Nicola Sturgeon's residence dubbed site of 'historic racial injustice'

Nicola Sturgeon’s official residence Bute House is dubbed a site of ‘historic racial injustice’ because its previous occupants had links to slavery in SNP and Labour review of ‘controversial’ sites

  • Home of First Minister of Scotland was highlighted by council landmarks review  
  • Slavery and Colonialism Legacy Review Group, is lead by Sir Geoff Palmer, 80 
  • Review will ‘rectify glorification of slavery’ and would consider statue removal

Nicola Sturgeon’s official residence has been dubbed a building of ‘historic racial injustice’ by a council review of controversial landmarks in Edinburgh.

The home of the First Minister of Scotland was one of several buildings highlighted by the Edinburgh Slavery and Colonialism Legacy Review Group, lead by Scotland’s first black professor Sir Geoff Palmer, 80.

The review – launched by the city’s SNP and Labour council coalition – has vowed to ‘rectify the glorification of slavery’ in the city and would concider the ‘removal of statues’, The Daily Telegraph reports.

Bute House was occupied by Jamaican sugar plantation owner John Innes Crawford. 

British politician Sir John Sinclair of Ulbster – who claimed compensation for his losses following the abolition of slavery – also lived there. 

Nicola Sturgeon’s (pictured) official residence has been dubbed a building of ‘historic racial injustice’ by a council review of controversial landmarks in Edinburgh

The home of the First Minister of Scotland (pictured) was one of several buildings highlighted by the Edinburgh Slavery and Colonialism Legacy Review Group, lead by Scotland’s first black professor Sir Geoff Palmer, 80

Other buildings on the list include statues of figures such as Admiral Lord Nelson.

Nelson has been criticised for his support of slaveholders and the British Empire’s colonies, as well as his opposition to William Wilberforce who led the movement to abolish the slave trade. 

A statue of 19th century philosopher David Hume was also named due to his ‘advocating of slavery’. He once wrote that black people are ‘naturally inferior to whites’.

The dossier also called Queen Victoria a ‘colonial ruler’ and said poet Robert Burns –  widely-regarded as the national poet of Scotland – ‘accepted a job working on a Jamaican plantation in a role he described as a “Negro driver”.’ 

A report to the council will be sent by December 2021 – and will either suggest the sites should be removed or reimagined.

Mrs Sturgeon is now facing calls to provide evidence to the review.

British politician Sir John Sinclair of Ulbster – who claimed compensation for his losses following the abolition of slavery – lived in Bute House

It comes as Mrs Sturgeon faces accusations from former-First Minister Alex Salmond that she flouted the ministerial code and launched ‘astonishing’ attacks on him.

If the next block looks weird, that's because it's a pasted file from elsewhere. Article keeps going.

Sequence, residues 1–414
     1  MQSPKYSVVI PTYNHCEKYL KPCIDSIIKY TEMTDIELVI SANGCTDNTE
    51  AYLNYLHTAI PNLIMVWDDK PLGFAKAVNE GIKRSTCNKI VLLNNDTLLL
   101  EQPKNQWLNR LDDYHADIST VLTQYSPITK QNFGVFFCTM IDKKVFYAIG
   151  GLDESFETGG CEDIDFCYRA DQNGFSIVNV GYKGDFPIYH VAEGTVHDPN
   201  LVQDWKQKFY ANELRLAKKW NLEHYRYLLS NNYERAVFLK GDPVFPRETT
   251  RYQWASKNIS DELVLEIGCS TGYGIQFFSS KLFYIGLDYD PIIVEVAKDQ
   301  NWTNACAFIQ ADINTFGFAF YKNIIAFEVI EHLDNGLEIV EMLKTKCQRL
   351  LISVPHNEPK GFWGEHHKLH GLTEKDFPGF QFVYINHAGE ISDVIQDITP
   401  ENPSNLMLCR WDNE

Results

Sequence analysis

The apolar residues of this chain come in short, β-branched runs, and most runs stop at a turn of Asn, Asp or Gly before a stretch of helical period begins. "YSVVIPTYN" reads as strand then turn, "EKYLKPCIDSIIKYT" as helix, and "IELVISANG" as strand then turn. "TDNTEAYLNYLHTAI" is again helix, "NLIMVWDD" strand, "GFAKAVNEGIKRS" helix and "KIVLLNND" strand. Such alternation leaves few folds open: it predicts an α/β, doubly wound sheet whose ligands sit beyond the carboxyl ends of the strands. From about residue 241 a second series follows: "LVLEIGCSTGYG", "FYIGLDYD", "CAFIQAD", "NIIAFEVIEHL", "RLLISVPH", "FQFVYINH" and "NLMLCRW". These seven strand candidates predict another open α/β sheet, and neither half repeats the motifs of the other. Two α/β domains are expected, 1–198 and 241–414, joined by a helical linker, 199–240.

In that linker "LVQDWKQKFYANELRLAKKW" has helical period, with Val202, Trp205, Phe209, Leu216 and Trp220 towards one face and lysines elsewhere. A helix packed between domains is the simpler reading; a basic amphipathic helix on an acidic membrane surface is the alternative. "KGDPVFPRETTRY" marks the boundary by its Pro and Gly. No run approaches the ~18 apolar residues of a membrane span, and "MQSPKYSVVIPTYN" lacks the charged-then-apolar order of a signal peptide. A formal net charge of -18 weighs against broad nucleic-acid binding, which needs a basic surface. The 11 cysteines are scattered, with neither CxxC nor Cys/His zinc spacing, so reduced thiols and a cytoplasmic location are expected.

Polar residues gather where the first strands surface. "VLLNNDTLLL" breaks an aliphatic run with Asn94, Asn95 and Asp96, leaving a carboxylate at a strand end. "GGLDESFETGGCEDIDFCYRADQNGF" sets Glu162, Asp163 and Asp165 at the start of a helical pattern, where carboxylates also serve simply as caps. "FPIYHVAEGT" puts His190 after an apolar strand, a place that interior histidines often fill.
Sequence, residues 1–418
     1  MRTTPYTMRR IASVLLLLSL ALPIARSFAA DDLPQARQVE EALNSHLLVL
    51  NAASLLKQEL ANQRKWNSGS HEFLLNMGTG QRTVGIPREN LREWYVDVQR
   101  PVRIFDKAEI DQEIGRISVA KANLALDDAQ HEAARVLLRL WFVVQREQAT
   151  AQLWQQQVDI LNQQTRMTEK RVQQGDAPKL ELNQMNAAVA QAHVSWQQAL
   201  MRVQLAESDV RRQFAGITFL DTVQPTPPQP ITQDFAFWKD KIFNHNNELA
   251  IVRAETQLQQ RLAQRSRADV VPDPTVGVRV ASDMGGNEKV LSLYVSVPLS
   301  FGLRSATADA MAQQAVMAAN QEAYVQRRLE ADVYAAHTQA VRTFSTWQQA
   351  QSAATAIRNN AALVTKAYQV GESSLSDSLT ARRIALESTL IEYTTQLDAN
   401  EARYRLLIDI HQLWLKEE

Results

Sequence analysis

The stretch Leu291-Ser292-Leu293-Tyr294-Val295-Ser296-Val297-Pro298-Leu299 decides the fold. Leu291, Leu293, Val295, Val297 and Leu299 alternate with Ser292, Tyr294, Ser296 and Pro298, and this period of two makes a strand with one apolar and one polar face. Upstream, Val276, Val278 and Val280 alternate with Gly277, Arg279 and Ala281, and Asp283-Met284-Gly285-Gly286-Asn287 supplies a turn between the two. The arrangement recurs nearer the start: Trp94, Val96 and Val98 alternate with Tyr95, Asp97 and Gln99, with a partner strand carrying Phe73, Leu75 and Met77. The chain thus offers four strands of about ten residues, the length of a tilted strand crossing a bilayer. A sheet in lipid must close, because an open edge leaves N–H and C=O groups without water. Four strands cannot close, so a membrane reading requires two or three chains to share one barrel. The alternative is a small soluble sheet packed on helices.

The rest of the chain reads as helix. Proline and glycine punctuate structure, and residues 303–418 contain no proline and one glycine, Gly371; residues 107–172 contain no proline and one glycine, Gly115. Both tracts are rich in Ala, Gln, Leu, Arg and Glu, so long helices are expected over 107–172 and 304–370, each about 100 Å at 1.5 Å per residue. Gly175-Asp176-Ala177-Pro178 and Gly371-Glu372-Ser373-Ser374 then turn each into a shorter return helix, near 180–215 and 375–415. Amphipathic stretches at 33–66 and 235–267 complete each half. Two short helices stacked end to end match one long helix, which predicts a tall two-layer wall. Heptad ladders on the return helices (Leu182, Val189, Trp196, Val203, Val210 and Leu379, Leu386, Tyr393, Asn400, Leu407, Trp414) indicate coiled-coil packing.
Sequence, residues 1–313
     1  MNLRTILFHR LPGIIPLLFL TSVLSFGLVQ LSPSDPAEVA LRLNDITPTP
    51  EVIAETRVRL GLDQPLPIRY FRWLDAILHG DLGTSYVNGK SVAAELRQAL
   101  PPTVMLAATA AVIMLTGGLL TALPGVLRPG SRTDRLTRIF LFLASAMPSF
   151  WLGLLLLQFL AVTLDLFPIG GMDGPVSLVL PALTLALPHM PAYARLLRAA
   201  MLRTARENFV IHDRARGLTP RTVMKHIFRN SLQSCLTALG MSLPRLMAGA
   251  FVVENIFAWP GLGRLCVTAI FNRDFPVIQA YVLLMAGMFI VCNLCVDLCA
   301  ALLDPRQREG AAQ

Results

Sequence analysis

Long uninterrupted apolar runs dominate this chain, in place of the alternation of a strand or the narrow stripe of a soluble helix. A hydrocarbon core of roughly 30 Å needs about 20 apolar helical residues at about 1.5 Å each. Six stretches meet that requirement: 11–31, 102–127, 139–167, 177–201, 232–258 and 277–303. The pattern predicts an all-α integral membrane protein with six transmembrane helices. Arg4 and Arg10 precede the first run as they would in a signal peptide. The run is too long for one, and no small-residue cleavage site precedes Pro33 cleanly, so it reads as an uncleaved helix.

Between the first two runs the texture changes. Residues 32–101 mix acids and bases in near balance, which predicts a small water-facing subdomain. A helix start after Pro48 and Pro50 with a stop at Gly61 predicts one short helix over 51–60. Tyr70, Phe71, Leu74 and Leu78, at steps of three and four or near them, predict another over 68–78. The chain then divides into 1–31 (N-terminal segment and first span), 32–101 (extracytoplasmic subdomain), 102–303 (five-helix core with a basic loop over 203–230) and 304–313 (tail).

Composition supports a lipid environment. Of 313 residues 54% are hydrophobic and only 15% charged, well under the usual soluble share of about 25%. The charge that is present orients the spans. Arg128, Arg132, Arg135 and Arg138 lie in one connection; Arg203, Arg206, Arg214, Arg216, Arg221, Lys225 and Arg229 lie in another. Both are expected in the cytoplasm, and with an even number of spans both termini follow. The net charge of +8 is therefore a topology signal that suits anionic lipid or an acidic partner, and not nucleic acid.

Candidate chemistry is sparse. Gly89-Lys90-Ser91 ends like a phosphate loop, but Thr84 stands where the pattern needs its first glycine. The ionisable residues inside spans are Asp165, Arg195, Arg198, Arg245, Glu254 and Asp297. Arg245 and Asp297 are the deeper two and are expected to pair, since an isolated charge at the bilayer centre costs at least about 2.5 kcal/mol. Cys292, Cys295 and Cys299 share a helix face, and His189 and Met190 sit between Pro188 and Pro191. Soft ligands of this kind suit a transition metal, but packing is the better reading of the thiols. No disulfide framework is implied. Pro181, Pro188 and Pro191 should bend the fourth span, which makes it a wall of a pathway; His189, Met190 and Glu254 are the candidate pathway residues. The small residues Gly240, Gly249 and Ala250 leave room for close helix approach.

Giving explosive evidence to a Parliamentary probe, Mr Salmond criticised Ms Sturgeon for casting doubt on the court process that cleared him over harassment allegations, and suggested she broke conduct rules in a blistering attack yesterday.

Human rights activist Sir Geoff took on the role of head the Edinburgh Slavery and Colonialism Legacy Review Group in November.

Human rights activist Sir Geoff (pictured) took on the role of head the Edinburgh Slavery and Colonialism Legacy Review Group in November 

The human rights activist, who became Scotland’s first black professor in 1989, said it was an ‘honour’ to be asked to work with the group at the time.  

The city-wide review followed protests over the Melville monument, which commemorates 18th century Home Secretary Henry Dundas, in St Andrew Square.

The group will consider all options, including the removal of statues, as well as looking at street and building names.

Earlier this month, it was revealed that Sir Geoff would also lead an Edinburgh University review into buildings and statues linked with the slave trade.

The consultation follows controversy over the university’s decision to rename the David Hume Tower due to the 19th century philosopher’s controversial views on race – including that black people are ‘naturally inferior to whites’.  

Edinburgh University said the consultation – which is set to last around a year – would examine its ‘relationship with its past’ with recommendations to help better reflect its diversity.

Sir Geoff – a professor emeritus in the school of life sciences at Heriot-Watt University – said: ‘We will look at David Hume Tower and other buildings.

‘The university has links to buildings all over Edinburgh and we will be looking at these and the individuals linked to them. I imagine it will include statues too.’

It is not clear what buildings and statues will be examined. 

In October last year, Edinburgh University said David Hume Tower will now be known as 40 George Square because the leading Enlightenment figure’s ‘comments on matters of race, though not uncommon at the time, rightly cause distress today’.

Human rights activist Sir Geoff (pictured) revealed in November that he would lead a separate review into controversial statues and street names across Edinburgh

The decision prompted fury among academics and politicians – who blasted the move as ‘spineless’ and said principal Peter Mathieson should ‘hang his head in absolute shame’. 

Professor Mathieson said the decision was made because a black student might feel ‘deeply uncomfortable being in a building named after someone who considered him a lesser being than other humans’. 

In a 1753 essay, the philosopher said black people were ‘naturally inferior to whites’.